August 01, 1996


The Shifting Heart
by Richard Beynon

State Theatre

Reviewed by Murray Bramwell

In 1957 The Shifting Heart created considerable impact for its young playwright Richard Beynon. In fact, at the time, prospective producers were wary of the currency of its themes. Triggered by a newspaper report about the suicide of a Polish immigrant -the Mr Leczycki named in the play’s dedication- The Shifting Heart examines, in the microcosm of Collingwood’s Bianchi family, the social and cultural tensions created by the extensive European migration in Australia’s post-war expansion.

Since it was first performed the play has become an often-studied school text and something of a staple for amateur companies. The Shifting Heart has an established place in our theatre history. Nevertheless, in mounting a mainstage professional revival State Theatre faces a considerable task. And, in the hands of director Adam Cook, their production has not succeeded.

The Shifting Heart is full of vigorous incident. It is Christmas time and while Poppa and Momma Bianchi are preparing to gather the family together their son Gino is discovering that anglo Australia is not much in the mood for yuletide goodwill. Caught in a cycle of harassment and response – a rotten fish comes over the fence, a drain is blocked in reprisal- the Bianchis are unaware that for Gino the usual scuffles are escalating fatally beyond a point of no return.

The indignities are close to home as well. Gino’s sister Maria is married and pregnant to Clarry, a young ocker with whitebread prejudices of his own. Its OK for Gino to work for Clarry’s truck business but a partnership- Fowler and Bianchi -is beyond the pale. The crises of Gino’s stabbing and Maria’s troubled labour are the parallel pivots of a text that is laced with sentiment, stereotype and, with the final toast to the infant Gino, Son of New Australia, brought to contrived resolution.

The impact of the subject matter- even if the victimised group was changed from Italian to Asian to reflect current concerns- has greatly diminished for a contemporary audience. Beynon’s controversy has had four decades to resolve- and complicate again in quite different ways. For an audience thoroughly attuned to Italian culture, from cuisine to fashion to sport, The Shifting Heart is not something to reflect over our cappucinos about.

This is the difficulty Adam Cook faces. But rather than contend with it, he and designer Genevieve Blanchette exacerbate matters by bringing so little spin to the staging. The set, a shanty two up, two down back view of a Collingwood terrace is bounded by two fences- one formidably excluding, the other gappy enough to permit Leila Pratt to bring in her heart-of-gold neighbourliness and escape her violent buffoon of a husband. Apart from the huge blue cyclorama upstage prompt side the setting is largely indistinguishable from the program’s archive photo of the Adelaide Guild production.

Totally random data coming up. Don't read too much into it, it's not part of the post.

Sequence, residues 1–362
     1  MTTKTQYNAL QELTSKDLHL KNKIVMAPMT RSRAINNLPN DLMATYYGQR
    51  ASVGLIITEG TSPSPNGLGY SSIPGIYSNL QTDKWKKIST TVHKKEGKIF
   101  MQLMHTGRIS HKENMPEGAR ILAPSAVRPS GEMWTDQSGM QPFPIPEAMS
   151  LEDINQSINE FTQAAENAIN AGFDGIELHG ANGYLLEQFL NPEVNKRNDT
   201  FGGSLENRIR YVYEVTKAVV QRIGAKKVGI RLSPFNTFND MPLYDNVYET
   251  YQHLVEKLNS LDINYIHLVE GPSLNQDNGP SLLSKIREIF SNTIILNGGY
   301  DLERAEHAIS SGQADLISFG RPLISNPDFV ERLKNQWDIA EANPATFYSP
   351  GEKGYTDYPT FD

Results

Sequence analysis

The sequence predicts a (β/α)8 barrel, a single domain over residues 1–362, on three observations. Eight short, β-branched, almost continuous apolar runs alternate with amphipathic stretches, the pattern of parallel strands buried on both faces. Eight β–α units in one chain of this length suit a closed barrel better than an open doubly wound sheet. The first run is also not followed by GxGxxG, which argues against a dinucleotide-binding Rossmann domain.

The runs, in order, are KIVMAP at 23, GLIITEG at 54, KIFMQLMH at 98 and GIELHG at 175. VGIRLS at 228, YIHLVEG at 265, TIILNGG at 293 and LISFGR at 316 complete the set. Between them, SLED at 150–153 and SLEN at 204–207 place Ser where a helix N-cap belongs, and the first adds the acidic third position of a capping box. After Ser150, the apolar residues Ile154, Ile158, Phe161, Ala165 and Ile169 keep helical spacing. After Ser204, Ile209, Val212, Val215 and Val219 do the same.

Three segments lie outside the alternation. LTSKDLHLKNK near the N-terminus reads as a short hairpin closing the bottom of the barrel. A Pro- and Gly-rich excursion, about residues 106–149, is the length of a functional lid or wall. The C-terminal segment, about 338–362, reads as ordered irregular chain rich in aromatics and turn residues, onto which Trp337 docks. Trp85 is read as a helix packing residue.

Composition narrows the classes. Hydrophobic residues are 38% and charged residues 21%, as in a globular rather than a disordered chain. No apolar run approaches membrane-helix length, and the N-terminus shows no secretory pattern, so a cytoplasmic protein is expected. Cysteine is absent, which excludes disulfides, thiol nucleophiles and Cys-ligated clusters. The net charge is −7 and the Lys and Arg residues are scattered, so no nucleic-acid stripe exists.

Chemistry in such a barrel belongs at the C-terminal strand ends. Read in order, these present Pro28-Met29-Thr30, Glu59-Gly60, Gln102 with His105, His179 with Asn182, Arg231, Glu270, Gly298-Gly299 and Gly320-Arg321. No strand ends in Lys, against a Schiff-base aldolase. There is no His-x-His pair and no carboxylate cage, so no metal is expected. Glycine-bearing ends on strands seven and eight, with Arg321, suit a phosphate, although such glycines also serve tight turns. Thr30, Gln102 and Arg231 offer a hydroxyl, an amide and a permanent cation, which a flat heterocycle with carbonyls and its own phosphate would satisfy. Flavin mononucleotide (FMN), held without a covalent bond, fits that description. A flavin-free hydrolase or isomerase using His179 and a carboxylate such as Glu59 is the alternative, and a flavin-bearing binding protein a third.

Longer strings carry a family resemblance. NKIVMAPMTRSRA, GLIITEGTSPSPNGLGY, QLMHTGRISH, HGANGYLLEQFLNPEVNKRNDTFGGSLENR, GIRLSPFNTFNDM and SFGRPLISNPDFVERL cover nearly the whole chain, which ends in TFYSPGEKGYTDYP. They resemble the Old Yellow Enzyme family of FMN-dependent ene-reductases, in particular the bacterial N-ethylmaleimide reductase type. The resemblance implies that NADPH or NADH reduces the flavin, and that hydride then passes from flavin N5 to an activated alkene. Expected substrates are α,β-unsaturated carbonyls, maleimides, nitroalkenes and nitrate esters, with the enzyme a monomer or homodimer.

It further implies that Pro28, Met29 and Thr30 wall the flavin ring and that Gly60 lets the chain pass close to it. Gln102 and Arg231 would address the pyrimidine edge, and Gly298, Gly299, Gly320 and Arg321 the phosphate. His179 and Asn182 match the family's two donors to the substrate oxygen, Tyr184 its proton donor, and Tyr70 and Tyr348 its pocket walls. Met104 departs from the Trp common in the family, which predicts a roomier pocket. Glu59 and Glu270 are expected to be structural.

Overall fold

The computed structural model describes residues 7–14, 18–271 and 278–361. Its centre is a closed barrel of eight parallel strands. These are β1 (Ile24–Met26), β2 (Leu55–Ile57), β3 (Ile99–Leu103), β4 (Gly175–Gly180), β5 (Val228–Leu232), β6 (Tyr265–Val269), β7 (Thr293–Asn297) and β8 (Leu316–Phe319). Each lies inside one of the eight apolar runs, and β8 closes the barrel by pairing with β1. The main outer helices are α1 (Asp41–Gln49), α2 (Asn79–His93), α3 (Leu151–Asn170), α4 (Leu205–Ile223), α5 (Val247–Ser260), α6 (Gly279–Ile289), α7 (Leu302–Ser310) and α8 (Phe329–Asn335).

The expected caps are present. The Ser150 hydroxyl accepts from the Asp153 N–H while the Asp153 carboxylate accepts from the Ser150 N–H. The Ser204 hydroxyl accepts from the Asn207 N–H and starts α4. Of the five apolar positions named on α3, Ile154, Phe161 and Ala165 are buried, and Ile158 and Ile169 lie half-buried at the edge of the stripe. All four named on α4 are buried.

But the combination of unexamined naturalism in the staging and the two-dimensional performances is even more disheartening.

The strong cast, led by Rosalba Clemente as Momma and Petru Gheorghiu as Poppa, is squandered on stock performances reminiscent of Nino Cullotta’s They’re a Weird Mob. All shuddupa- your-face accents and gesticulation from pasta sauce commercials, the performances should be brought down to fewer decibels with less latter-day commedia. Having said that, Gheorghiu is effective as the father, in spite of the cliches of the happy-go-lucky Mediterranean, and Rosalba Clemente brings charm and some touching moments of shading in a performance that has many echoes from her role in Minghella’s A Little Like Drowning.

As Leila Pratt, Pauline Terry-Beitz keeps the Aussie cheerfulness within credible boundaries and Peter Dunn has a sinister comedy as her bullying husband Donny- although Beynon’s subtext on domestic violence is disturbingly incomplete, not only in relation to this character but to Clarry also. Gina Zoia is resolute as the long-suffering Maria and Shane Feeney-Connor, when he takes it down a few cogs, is convincing as Clarry. Peter Raymond-Powell has little to work with as a the racist cop, Lukie, but Vince Poletto acquits himself memorably as Gino.

The Shifting Heart identifies one of the difficulties of the Australian Playhouse season. It is a play which deserves recognition for the ground it established. But a full-scale revival which adds as little as this production does exposes the text as historical curiosity not vibrant classic. At a time when we have a keen sense that theatre needs to reclaim its immediacy we need to see more of the beatings of our own shifting hearts- and not defined too regionally and nationalistically either. With The Torrents, The Doll and a trip to the South Pole yet to come, I hope that the Playhouse won’t feel like a museum by the time the year’s over.

The Adelaide Review, August, 1996.

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